Thursday, March 11, 2021

A clear violation of Parliamentary intent

The COVID-19 Public Health Response Act 2020 includes significant powers required for the government to manage the pandemic, including powers to make orders imposing significant restrictions on individual liberty, to enter homes, and close public places. These powers are necessary and justifiable, but also deeply uncomfortable in a democratic society. Parliament expressed our discomfort and a desire that the powers be retained for no longer than was absolutely necessary by requiring that the law be frequently debated and renewed. They required this to happen every 90 days, with the wiggle room of allowing Parliament to set a different period if required. In the debate on this clause (which was suggested by National), Attorney-General David Parker made it clear that it was solely to accommodate the Parliamentary calendar: "Parliament can choose a longer period if it wants, and it might want to do that around the time of the election if there was risk that Parliament wouldn't be resitting within that 90-day period". So I'm a little shocked to see that in Government Notice of Motion #1 on today's Order Paper the government is planning to extend it by nine months, until 31 December.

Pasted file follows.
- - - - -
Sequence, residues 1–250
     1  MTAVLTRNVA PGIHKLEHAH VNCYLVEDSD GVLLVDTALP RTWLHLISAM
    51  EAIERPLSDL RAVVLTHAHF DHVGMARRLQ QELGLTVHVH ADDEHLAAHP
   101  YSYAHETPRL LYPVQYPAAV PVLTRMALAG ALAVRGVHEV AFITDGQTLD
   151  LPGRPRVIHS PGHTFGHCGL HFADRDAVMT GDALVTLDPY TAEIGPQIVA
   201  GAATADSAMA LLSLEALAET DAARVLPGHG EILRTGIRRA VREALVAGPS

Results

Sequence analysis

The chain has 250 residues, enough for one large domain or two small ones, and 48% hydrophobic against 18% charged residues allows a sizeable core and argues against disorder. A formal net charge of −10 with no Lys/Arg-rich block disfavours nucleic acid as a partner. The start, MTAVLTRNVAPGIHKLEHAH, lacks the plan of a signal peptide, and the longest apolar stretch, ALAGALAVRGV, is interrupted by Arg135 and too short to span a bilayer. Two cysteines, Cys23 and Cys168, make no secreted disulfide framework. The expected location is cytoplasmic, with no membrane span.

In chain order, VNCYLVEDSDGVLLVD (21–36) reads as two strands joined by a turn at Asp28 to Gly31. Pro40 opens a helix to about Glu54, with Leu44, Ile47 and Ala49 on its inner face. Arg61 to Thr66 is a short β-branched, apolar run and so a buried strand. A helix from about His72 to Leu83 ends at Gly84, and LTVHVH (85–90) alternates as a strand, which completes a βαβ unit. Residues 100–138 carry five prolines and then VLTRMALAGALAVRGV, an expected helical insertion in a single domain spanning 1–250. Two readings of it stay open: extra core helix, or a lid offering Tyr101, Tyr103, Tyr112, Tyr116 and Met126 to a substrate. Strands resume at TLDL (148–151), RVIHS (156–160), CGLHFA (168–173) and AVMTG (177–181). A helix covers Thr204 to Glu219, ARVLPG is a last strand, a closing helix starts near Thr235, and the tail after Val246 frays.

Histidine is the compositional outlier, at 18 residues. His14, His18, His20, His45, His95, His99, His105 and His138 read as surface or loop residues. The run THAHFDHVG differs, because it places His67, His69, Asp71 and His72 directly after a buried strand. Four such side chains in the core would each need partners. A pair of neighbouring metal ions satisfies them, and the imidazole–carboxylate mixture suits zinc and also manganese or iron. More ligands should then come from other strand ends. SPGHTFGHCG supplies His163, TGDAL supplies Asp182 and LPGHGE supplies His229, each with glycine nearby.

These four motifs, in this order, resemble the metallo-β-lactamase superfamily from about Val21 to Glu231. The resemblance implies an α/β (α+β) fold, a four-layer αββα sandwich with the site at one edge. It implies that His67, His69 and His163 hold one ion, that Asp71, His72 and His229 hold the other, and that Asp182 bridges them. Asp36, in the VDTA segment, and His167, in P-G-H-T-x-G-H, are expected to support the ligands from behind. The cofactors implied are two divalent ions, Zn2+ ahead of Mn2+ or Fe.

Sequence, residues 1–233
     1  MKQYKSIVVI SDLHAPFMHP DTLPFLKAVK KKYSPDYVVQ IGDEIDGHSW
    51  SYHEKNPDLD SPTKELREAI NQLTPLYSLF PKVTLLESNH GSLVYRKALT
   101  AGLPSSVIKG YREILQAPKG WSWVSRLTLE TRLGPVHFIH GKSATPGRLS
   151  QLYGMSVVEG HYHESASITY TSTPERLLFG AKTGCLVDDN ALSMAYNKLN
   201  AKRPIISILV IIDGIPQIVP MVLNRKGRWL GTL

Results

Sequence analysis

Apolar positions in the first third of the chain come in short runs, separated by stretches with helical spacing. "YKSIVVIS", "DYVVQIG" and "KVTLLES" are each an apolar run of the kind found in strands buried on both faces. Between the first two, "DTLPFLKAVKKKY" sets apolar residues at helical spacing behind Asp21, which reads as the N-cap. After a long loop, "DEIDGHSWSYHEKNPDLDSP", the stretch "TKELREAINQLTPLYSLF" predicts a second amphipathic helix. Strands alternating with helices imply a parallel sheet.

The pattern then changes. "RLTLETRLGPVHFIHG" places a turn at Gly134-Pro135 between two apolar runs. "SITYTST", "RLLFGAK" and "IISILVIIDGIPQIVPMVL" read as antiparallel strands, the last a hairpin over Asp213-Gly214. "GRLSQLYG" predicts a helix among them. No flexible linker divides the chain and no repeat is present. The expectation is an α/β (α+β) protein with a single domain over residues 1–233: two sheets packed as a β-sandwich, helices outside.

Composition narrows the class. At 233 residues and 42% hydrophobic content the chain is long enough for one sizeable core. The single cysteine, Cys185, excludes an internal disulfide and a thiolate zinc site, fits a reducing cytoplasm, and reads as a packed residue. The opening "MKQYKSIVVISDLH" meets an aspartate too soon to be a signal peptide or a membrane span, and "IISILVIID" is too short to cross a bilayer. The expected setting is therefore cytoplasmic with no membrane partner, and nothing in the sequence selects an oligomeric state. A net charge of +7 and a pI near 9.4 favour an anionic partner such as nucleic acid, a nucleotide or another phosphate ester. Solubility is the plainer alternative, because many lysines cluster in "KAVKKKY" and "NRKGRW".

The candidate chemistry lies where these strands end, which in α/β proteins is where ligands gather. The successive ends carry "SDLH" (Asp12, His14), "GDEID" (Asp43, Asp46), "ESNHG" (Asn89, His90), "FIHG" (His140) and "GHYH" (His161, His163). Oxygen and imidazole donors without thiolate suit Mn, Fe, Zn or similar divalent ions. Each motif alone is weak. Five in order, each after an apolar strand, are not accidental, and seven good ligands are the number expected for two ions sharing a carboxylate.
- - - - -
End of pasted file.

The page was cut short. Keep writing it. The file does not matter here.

This makes an absolutely mockery of the law. Nine months is not 90 days, and there's no conceivable interruption of the Parliamentary calendar which would justify such a long extension. Instead, it seems to be being done solely because the government simply cannot be bothered to renew it regularly - a clear violation of Parliament's intent (not to mention a clear sign of Labour's arrogance now that it has an absolute majority, and a clear sign that their "promises" are meaningless and not to be relied on).

I have no problem with the law being renewed at present. It may well need to be kept in force until the end of the year. But that renewal should happen as intended, with frequent and regular Parliamentary oversight. Parliament explicitly rejected the idea of the government having a blank cheque on this, and Labour should abide by that decision, rather than trying to sneakily and dishonestly undermine it.